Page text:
Observation: To truly understand


a culture, an anthropologist will usually study a
culture for an extended period of time,
sometimes taking many years. Oftentimes, the
anthropologist will live within the community
and partake in daily life and activities.
Ethnography: A Cultural Anthropologists
work usually culminates into something called
an Ethnography, or a written description of the
studied society. These are usually published in
books and journals.

TERMS AND TECHNIQUES USED BY


CULTURAL ANTHROPOLOGISTS
CONT.
Culture

Area: This class will make use of


ethnographic material from around the world
from locations that are termed Culture Areas
or geographical areas where societies tend to
share many traits, either because of similar
responses to the environment or because of
cultural diffusion (sharing of culture) between
these groups.
Maps!:
http://www.nationalgeographic.com/xpeditions/

Awesome maps, printer friendly from National


Geographic

A QUESTION OF PERSPECTIVE:
THE FORE OF NEW GUINEA

Problem: The Fore are a group of ~14,000 horticulturalists


(cultivators of domesticated plants without the use of modern
agricultural techniques) from the Eastern Highlands of Papua
New Guinea (Melanesia Culture Area) who have had about 200 of
their members die from mysterious causes each year. The locals
call it Kuru or to tremble with fear. Jerking/shaking/unable to
coordinate are the main symptoms. After 9 months, the
individual is no longer able to eat or drink and soon dies. Women
and children are mainly afflicted.
http://www.dailymotion.com/video/x925q5_kuru-canibalismo-deamor_school

Google Map: http://www.maplandia.com/papua-new-guinea/madang/fore/

Solution? If you were asked to look into this case, what would your
first hypothesis be as to the cause of the affliction?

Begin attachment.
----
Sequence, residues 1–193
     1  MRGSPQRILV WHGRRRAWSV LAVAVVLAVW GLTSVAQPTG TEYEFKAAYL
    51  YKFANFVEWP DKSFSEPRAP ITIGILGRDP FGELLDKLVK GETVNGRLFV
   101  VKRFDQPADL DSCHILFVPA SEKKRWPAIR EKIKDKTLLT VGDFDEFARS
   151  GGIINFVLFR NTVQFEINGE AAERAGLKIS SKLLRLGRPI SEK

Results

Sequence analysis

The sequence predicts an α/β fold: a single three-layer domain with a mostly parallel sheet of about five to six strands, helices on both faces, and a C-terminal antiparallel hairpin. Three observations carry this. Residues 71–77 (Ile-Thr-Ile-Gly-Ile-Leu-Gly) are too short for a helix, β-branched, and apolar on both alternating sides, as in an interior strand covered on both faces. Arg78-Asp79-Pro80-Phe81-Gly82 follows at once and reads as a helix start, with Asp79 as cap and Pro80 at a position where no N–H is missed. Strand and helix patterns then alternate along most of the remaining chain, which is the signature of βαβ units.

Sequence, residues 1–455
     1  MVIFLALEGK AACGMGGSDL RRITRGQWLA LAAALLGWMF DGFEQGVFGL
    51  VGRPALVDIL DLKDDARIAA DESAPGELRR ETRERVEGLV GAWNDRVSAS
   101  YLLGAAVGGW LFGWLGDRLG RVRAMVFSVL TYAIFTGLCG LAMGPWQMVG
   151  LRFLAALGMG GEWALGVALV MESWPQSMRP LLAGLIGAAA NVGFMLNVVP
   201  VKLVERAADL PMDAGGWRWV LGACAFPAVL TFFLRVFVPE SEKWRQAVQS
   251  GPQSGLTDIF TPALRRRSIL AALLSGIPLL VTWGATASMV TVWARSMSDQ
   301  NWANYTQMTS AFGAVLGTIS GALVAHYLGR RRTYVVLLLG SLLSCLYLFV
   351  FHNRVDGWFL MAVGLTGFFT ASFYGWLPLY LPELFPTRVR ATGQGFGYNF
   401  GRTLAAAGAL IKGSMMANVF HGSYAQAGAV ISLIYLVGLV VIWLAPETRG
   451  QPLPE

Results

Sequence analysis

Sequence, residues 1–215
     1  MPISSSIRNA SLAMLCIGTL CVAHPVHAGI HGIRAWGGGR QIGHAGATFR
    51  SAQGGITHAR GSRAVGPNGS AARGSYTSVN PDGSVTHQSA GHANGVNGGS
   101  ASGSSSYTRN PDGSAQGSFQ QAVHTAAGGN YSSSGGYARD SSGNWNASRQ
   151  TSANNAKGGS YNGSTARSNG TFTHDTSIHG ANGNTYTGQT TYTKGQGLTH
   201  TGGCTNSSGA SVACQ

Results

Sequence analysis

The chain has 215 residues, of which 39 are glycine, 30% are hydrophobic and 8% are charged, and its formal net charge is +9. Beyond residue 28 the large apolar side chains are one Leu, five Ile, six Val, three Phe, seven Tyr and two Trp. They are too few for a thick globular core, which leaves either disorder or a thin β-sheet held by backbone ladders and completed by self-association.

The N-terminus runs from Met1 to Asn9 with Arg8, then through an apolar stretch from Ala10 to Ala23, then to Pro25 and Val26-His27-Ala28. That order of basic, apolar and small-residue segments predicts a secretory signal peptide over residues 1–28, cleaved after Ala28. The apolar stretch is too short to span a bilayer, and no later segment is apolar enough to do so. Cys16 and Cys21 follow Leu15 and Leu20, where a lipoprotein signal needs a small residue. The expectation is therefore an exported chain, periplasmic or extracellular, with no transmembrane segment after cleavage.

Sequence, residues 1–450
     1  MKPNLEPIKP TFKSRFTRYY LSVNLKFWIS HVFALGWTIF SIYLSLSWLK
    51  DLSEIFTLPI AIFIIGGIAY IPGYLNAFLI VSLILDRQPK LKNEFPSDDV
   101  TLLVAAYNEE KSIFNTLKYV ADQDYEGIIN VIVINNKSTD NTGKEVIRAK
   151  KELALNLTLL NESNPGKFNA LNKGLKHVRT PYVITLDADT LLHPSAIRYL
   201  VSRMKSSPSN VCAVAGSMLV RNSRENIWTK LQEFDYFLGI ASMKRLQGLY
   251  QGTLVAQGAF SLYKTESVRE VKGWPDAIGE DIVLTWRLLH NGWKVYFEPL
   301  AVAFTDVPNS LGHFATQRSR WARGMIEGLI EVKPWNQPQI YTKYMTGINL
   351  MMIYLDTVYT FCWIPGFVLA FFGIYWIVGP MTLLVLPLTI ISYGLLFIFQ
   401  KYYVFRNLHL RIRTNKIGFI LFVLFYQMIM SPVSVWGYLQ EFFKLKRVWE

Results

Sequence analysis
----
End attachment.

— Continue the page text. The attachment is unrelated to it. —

A HOLISTIC PERSPECTIVE SOLVES IT

We must look to all aspects of the Fores society for the


answer, specifically, their religious and funerary
practices

Kuru is caused by an infectious agent that is ingested


by family members when they consume the remains of
their dead loved ones. To the Fore, the holiest, most
sacred resting place for the deceased is within the
bodies of their loved ones. The deceaseds remains
would be cooked and distributed amongst family as a
form of utmost respect. Women and children, having
lower social status, were more likely to ingest the brain
(the seat of the infectious agent).

ETIC/EMIC ANALYSIS

Etic Analysis: Viewing and labeling a culture with our own words and
terms.

Advantages: Finding patterns that the studied group may be unaware of. Applying
an Etic Analysis to all cultures that you study makes it easier to identify Human
Universals. Terms and categories can be made for new information to be nicely
organized. Etic Analysis is mainly used in Anthropological studies.
Etic Analysis: Kuru is caused by a virus in the afflicteds bloodstream that is later
ingested by family members.

But what are bacteria, germs, diseases, a virus to the Fore? These are
not only foreign words, but also foreign ideas.
Emic Analysis: Viewing a culture through the eyes of the people being
studied.

Advantages: Better understanding of the studied culture, but much, much harder to
attain. Argument: is it even possible to see through the eyes of another culture? To
undo and place aside ones own worldview and wholly adopt another?
Emic Analysis: Kuru is caused by Sorcery. The Sorcerer will obtain a personal
belonging of the individuals, combine it in a bundle with leaves, bark and stones
and bury it in the cold muddy earth. The Sorcerer will then recite a spell and let
the bundle rot. The individual then develops Kuru.

CULTURAL RELATIVISM

Cannibalism. Right/Wrong? Does context matter?


Who gets to make up the rules?

CULTURAL RELATIVISM CONT.


The

norms and values we grow up with seem


right and correct
We use our own society as a base for judging
others
Thinking of others as simple, primitive,
immoral, less-than-human or somehow
fundamentally wrong is how wars start and
propaganda is spread.
Exploration: Americans activity and stereotypes
(handout)

For Thursday
Prepare

for Chapter 1 Vocabulary Quiz


(boldfaced words in Chapter)
Write a 1 paragraph analytical response
each for DeVita chapters 2, 13 & 27 (Look
in your syllabus under Homework
Policy for tips on what you should be
writing about)